I'll miss clouds when the climate apocalypse hits
Tess Nichol ruminates on the spectre of climate catastrophe, and the difficulty of getting your head around this truly existential crisis.
You wake up and find out everything is much worse than previously thought.
We’ve reached a carbon dioxide concentration of 415 parts per million – a new record. You remember how at Uni you joined the activist group 350 Aotearoa, who were warning in 2010 that we couldn’t surpass a concentration of 350 parts per million. You never actually went to any meetings.
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What used to be the worst case scenario has been reclassified as much too hopeful and the vengeful ocean is almost certainly going to drown half of us while the rest wither in dust bowl deserts. Also, the very existence of clouds is now under threat?
Doing your bit, you get your coffee in a keep cup and catch the bus to work. That should stem the rising tide.
Then, indignant, you decide that actually, individual choice is pointless when 100 companies are responsible for 71 per cent of global carbon emissions, and so too is the guilt people heap on themselves for what must, in the scheme of things, be basically meaningless choices. You declare the master’s tools will never dismantle the master’s house and so we cannot get ourselves out of the mess capitalism has created with conscious consumerism. Settling on this ideological position coincides with your desire to fly to Europe later in the year.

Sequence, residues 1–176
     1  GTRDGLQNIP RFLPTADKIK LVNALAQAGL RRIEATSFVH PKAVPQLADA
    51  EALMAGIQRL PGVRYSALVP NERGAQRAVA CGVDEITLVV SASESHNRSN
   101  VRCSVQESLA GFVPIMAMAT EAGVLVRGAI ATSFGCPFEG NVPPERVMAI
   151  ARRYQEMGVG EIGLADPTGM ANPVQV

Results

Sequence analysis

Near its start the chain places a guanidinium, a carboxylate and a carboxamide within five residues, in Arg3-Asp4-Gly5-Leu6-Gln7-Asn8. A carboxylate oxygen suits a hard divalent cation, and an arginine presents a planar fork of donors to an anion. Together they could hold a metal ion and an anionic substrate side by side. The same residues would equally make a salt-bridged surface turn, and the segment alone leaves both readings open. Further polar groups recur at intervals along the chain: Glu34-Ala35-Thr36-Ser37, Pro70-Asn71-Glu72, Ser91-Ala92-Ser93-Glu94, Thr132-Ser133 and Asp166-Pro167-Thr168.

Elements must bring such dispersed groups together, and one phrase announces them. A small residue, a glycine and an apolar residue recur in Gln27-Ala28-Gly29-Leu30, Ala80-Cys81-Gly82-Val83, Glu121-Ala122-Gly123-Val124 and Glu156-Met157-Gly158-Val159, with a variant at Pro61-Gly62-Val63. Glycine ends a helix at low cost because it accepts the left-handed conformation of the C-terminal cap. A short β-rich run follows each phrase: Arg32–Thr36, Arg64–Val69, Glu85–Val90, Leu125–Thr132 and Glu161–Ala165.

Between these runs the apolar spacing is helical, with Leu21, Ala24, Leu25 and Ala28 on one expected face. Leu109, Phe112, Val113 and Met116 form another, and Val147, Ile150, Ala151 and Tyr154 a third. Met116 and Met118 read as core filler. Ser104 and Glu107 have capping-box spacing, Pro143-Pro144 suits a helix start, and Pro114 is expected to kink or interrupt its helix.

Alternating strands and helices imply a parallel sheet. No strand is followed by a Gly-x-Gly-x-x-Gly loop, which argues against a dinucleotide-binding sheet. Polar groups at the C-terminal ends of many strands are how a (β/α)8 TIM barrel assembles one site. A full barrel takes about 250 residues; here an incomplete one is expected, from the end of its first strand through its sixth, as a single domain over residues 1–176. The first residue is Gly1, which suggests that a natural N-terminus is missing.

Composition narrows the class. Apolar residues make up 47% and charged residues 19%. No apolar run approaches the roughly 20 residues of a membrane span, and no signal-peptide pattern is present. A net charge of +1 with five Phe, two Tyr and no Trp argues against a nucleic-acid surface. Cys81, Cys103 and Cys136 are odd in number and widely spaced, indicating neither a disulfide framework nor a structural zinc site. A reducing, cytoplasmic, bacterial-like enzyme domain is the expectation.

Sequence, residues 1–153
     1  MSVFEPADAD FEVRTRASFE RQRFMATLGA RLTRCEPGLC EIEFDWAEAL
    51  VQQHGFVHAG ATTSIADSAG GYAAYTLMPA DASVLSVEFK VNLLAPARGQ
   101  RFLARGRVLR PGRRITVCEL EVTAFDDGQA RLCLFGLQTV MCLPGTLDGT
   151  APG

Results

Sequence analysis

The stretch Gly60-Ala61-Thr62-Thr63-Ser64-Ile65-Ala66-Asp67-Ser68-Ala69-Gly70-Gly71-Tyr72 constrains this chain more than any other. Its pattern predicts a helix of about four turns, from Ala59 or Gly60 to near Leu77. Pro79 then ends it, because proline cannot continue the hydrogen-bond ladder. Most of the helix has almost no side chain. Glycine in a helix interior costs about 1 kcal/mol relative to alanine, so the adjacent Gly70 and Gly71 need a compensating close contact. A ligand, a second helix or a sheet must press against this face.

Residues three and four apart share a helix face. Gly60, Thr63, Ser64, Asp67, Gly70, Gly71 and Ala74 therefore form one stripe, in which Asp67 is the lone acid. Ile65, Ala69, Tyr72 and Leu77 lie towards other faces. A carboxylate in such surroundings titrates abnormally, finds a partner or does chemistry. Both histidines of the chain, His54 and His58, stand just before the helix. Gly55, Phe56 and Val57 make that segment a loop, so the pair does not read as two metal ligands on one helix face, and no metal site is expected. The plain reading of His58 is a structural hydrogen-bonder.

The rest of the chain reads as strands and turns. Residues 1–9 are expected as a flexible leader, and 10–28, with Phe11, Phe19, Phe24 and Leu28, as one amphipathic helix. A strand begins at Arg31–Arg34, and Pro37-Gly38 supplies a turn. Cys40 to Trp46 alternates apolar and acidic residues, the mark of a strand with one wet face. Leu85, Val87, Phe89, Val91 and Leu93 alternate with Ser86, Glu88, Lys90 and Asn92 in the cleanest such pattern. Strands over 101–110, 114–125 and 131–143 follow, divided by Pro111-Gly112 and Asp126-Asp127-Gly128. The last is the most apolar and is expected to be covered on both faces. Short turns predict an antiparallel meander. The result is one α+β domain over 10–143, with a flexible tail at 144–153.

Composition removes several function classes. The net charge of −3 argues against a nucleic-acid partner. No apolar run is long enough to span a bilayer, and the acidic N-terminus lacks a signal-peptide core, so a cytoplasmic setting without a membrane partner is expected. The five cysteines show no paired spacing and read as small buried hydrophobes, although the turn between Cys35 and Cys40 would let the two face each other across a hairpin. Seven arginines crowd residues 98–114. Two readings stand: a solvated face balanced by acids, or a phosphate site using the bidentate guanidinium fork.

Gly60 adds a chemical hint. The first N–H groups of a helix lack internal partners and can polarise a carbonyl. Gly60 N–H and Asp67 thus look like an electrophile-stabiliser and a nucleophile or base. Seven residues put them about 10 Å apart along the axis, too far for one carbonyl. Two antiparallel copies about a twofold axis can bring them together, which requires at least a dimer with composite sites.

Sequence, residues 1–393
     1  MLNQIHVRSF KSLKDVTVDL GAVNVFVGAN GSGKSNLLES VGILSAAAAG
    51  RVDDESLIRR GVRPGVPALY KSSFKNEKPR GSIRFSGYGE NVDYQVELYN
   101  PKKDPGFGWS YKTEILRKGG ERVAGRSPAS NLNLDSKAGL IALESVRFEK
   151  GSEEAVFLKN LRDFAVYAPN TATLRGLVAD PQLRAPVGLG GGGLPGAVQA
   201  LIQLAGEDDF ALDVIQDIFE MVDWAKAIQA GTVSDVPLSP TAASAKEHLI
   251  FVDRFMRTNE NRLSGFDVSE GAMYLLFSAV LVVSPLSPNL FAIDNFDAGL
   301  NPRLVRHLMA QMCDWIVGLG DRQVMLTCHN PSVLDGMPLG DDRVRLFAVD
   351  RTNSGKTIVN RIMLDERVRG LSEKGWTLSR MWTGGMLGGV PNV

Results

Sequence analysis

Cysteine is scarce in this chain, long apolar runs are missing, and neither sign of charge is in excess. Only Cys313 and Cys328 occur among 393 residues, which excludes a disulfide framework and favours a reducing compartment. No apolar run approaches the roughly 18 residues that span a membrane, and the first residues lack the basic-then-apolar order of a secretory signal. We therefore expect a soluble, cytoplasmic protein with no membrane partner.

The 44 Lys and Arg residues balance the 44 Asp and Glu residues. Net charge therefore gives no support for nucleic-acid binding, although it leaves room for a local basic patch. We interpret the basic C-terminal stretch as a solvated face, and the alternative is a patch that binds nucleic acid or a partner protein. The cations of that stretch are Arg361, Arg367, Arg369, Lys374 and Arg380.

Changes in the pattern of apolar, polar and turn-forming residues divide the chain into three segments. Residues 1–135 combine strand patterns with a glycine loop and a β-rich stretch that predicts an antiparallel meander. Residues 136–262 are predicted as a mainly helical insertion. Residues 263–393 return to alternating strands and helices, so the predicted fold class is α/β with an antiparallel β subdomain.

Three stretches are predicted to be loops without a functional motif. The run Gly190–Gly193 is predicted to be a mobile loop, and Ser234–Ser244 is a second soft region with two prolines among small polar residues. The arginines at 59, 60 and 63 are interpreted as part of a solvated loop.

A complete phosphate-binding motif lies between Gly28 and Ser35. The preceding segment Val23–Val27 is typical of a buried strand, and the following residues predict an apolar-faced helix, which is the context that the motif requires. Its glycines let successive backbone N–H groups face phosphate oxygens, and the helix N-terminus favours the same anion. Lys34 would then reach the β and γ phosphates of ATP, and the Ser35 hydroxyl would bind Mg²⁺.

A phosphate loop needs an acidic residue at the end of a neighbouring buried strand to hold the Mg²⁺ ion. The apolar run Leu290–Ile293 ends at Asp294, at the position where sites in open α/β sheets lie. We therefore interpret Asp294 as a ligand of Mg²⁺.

You think about microplastics for a long time. About how they’re in everything, from the fish we’re hauling in catastrophic numbers from ever-warming waters, to the soil we grow our veges in. You feel very tired.
On your lunch break you read an article which says actually Gladwrap isn’t so bad because it turns out food waste is worse for the environment than a bit of plastic and you think guiltily about all the rotten leftovers you’ve thrown away because you forgot what was underneath the eco-friendly reusable beeswax covers lining bowls along your fridge shelves.
You briefly toy with the idea of becoming a climate sceptic, and it’s such a comforting thought you feel sympathy for those who refuse to see the inconvenient truth staring us right in the face. You think about Brazil, and that carbon sinkhole of the Amazon now in danger of being felled to nothing and you feel furious and paralysed and impotent and not at all sorry for the money-hungry reactionaries in charge making everything irreparably worse.
You listen to friends talking about their fears for the children they’ve brought into the world and others laying out the case for not having any at all. Passionate arguments about how in fact procreating is a selfish act both for future babies and everyone already here. You wonder how the fuck this fundamentally human thing, to have and nurture children, came to be up for debate at all.
School students are striking again – May 24. Reading their open letter, your eyes linger on the opening of the second paragraph: “Soon we will inherit the consequences of this inaction, and we are scared”. Those last three words in particular: “we are scared”. You start to panic. Just how badly have we failed these frightened kids? When you learn the oil barons knew, forty years ago, that carbon emissions were a problem but they kept it secret to protect their profit and now there’s nothing we can do but march forward into the apocalypse, hot, angry, pointless tears slide down your cheeks.